Then again, I have heard some of you talk of persecution and of your faith being banished from the public square. Frankly, I am astonished - 'gobsmacked' is I believe the appropriate word in your language - when I hear such talk. Here I am, in a country where the upper chamber of your parliament includes Christian bishops as of right, where your church schools are partly funded by the taxes of unbelievers, where your services and sermons have guaranteed slots on television and radio, and where your politicians make regular obeisance to 'faith communities' and 'faith leaders'. How Christians in some other lands - Iran, Saudi Arabia, China, North Korea - might wish for such 'persecution'! I endorse what my brother Christian, the Archbishop of Canterbury wrote recently: Christians in the west should stop whining and campaign instead for believers who are truly persecuted elsewhere in the world. I seem to remember that Our Lord warned us to expect persecution, and went so far as to say that we would be blessed if men despised and rejected us. Can you imagine the martyrs of the faith asking for special privileges from the state, as some of you have done? In other words: dial it down a bit, my brothers and sisters, or as your own young people might say: just chill, OK?

And this is what I wish the pope had said to Britain's majority of non-believers:

My brothers and sisters beyond the Church, there is much that divides us, but as a guest in your land, I would not presume to lecture you. Instead, I want to emphasise today what we share in common - I as a Christian, you as atheists, agnostics, humanists and members of other faiths. I want to acknowledge the great good that you have done, and continue to do, and what your fellow non-believers have achieved over the centuries for the good of humanity. On this visit I have already praised the great Christian philanthropists of this land, such as Wilberforce and Nightingale, but it would be wrong of me to overlook the good work done by the secular heroes of your country, who have done so much to advance human dignity and equality. And yes, in humility I acknowledge that humanists have often led the way, for example in advancing the rights of women and minorities, in promoting freedom of thought and expression, in care for the environment, where we in the Church have followed belatedly and yes, have sometimes blocked the way. We need to learn from you, as much as you from us.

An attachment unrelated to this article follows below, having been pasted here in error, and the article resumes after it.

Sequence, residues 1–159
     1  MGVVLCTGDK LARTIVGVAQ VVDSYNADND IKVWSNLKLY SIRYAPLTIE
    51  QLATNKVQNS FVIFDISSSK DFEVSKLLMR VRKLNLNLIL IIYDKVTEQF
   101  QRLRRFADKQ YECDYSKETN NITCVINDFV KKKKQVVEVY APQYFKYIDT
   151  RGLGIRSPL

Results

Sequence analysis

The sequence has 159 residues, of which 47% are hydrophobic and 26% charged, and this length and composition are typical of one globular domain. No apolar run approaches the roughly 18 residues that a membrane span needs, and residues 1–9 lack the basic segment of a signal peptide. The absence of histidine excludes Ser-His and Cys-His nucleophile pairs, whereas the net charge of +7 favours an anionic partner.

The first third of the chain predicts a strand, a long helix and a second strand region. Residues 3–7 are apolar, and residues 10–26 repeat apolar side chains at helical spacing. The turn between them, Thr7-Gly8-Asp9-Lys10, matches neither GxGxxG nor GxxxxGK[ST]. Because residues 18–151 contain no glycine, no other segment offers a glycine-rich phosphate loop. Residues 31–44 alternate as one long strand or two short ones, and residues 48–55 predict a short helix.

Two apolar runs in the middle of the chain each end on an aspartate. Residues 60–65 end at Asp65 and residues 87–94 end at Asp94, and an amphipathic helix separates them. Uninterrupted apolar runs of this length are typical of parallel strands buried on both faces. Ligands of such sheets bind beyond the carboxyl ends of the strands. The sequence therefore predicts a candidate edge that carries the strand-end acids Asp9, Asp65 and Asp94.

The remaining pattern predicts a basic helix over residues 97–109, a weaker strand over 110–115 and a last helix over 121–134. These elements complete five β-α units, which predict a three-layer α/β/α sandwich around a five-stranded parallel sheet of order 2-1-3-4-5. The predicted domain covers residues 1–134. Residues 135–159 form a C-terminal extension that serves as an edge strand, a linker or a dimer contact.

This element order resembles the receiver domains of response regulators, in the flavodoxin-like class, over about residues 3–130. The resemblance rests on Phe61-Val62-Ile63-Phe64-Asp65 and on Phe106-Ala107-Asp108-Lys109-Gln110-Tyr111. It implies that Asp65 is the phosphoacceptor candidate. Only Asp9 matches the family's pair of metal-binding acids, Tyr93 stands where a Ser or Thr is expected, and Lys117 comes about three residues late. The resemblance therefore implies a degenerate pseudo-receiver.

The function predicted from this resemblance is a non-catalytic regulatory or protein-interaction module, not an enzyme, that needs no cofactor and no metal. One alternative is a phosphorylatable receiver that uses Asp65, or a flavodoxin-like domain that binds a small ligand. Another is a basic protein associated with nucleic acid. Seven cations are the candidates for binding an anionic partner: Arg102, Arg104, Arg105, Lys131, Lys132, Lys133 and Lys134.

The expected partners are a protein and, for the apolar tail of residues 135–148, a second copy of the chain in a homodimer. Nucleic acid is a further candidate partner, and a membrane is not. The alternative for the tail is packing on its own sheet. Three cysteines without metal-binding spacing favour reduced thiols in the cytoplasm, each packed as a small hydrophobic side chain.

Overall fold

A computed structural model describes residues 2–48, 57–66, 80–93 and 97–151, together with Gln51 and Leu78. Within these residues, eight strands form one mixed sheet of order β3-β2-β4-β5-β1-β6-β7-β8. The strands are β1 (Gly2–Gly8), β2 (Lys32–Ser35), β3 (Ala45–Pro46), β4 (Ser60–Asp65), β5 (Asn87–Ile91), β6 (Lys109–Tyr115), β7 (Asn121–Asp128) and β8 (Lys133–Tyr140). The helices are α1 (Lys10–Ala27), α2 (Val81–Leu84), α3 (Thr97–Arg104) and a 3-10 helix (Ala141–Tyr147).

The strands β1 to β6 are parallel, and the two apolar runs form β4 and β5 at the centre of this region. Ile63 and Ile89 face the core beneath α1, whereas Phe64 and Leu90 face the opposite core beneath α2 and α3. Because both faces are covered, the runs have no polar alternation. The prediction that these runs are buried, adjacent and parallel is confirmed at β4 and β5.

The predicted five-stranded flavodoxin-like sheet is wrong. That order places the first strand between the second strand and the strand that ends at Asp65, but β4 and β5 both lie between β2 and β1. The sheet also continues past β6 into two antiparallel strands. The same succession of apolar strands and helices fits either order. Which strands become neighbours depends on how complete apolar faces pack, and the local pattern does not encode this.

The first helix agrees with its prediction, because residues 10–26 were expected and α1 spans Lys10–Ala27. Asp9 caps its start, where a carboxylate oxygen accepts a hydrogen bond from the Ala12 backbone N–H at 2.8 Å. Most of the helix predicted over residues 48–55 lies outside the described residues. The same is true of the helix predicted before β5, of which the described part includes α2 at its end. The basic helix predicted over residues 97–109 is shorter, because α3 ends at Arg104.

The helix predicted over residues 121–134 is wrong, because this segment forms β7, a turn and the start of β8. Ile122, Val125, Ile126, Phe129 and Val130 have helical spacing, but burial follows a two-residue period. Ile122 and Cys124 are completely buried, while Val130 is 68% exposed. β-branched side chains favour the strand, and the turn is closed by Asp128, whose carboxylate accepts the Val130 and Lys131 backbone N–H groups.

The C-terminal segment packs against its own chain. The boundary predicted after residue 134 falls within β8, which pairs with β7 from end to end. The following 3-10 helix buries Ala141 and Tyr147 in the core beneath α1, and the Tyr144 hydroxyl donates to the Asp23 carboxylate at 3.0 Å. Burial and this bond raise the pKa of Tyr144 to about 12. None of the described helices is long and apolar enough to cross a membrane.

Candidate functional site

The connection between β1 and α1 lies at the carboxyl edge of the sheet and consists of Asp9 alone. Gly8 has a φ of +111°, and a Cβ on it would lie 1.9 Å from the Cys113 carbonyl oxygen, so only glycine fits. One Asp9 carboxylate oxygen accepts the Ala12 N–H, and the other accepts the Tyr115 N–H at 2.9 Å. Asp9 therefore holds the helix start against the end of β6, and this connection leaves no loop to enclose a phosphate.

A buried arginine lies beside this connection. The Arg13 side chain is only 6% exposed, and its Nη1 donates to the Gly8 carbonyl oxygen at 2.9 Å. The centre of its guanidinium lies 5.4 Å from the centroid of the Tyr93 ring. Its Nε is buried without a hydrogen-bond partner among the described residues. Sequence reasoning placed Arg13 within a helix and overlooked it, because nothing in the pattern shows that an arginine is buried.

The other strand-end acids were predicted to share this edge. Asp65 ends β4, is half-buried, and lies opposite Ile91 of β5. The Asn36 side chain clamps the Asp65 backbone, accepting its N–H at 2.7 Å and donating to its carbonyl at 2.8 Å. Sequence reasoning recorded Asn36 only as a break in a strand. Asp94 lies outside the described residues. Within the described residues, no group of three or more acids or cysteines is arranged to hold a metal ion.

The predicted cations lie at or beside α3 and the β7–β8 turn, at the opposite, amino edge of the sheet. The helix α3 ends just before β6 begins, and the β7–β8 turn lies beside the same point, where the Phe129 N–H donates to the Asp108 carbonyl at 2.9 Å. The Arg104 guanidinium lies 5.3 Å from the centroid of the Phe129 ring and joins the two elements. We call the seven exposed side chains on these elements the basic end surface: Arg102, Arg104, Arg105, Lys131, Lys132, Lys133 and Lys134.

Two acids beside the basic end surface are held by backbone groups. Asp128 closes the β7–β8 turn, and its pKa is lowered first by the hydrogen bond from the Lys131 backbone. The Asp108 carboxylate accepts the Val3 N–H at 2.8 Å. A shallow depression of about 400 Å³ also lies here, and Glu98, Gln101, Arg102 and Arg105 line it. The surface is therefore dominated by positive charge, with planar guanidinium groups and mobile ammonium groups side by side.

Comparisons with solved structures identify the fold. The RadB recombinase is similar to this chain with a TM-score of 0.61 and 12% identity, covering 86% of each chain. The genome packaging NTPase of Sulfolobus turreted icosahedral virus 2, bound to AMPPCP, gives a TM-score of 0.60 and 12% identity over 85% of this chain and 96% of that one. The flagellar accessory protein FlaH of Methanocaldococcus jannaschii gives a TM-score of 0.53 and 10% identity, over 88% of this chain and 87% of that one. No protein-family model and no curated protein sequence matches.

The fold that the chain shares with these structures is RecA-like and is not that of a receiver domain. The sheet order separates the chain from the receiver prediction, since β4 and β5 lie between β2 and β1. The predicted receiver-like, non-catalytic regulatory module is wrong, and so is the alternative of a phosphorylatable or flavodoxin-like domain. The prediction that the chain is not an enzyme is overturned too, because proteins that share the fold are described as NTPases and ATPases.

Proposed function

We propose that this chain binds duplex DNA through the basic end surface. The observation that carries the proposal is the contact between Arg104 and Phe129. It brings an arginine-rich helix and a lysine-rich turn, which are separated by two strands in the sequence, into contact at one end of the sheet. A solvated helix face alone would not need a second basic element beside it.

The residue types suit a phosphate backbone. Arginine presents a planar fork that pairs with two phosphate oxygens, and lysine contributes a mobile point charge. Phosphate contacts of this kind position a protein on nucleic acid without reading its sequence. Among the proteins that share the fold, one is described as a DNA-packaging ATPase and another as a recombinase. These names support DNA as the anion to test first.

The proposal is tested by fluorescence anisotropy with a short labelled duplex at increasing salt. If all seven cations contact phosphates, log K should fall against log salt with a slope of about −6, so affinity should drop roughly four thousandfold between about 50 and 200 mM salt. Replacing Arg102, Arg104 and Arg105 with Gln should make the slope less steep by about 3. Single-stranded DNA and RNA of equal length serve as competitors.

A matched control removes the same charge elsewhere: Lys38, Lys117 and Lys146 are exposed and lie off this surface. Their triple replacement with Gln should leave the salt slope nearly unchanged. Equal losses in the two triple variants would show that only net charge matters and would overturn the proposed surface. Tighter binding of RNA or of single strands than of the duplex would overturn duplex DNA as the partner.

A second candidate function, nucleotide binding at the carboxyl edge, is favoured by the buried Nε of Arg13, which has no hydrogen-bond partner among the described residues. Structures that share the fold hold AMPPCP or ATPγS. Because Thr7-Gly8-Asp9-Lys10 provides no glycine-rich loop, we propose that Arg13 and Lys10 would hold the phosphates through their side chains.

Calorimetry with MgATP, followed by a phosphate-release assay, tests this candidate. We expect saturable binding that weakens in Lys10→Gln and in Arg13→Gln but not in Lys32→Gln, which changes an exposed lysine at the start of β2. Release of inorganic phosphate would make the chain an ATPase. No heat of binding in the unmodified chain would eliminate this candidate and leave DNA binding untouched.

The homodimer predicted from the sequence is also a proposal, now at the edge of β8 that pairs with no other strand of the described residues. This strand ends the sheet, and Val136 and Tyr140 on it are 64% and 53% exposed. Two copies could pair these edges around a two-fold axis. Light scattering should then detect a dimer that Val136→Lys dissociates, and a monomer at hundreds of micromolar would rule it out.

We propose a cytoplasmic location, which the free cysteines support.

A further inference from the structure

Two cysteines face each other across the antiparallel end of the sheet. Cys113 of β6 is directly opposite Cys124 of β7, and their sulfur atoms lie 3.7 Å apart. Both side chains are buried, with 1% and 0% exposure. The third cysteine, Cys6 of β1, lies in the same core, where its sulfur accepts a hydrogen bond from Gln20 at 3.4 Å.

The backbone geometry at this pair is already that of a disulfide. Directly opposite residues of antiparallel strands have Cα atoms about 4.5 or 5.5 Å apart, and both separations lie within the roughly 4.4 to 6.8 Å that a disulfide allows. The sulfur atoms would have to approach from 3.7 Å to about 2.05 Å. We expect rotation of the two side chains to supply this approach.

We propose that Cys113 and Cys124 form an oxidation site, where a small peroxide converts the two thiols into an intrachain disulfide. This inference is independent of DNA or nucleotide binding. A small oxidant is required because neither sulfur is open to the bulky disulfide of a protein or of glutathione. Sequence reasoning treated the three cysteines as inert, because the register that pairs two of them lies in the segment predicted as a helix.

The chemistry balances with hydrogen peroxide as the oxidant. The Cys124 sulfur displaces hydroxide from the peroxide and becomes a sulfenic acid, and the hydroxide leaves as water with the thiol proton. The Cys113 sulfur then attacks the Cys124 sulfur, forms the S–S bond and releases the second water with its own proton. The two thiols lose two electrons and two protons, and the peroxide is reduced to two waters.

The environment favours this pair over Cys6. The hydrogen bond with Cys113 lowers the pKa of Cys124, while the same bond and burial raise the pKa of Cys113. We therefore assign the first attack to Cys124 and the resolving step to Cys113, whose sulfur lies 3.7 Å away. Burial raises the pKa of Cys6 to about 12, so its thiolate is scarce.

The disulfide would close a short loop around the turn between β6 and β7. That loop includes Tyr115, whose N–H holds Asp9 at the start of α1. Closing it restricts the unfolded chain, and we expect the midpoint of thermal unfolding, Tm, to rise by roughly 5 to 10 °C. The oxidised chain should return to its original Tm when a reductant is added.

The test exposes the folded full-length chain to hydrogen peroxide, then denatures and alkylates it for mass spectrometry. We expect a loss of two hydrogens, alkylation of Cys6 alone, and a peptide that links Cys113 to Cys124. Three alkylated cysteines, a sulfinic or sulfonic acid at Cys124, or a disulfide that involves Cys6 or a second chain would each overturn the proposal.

And although I have often criticised the secularisation of society, today I want to acknowledge the value of a true secularism, of a separation of church and state which guarantees freedom to believe, or not believe. For it is only in such an atmosphere of freedom that true faith, freely chosen faith, can flourish. My fellow Christians in other parts of the world, in countries where they are in the minority, know the value of such a secularism. And I want to humbly acknowledge the failures of my own Church in the past, our willingness to support authoritarian and oppressive regimes, whether in Spain or Latin America - regimes which some of you rightly campaigned against - simply because they bore the name 'Catholic', while they suppressed the basic human freedoms which humanists, whether secular or Christian, should hold dear.

Where we differ, of course, is that I, as a Christian, while holding that liberty of conscience and freedom of expression are fundamental and the precondition for a fully human life, believe that they are not sufficient. As Christians, we believe that secular humanism is not enough, that it cannot provide answers to the fundamental questions about our existence, its purpose and that of the universe. On this we must agree to differ, and indeed to continue to converse and to listen to each other. But let me end on a positive note, by thanking you, my secular humanist brothers and sisters, for reminding us believers of the great value of human freedom, and of the equality and dignity of all human beings, whatever their race, gender or lifestyle. I look forward, while I am here in your country, to a dialogue marked by agreement on what we have in common, and where we disagree, by respect for each other's opinions.

Here endeth the lesson.


Andrew said...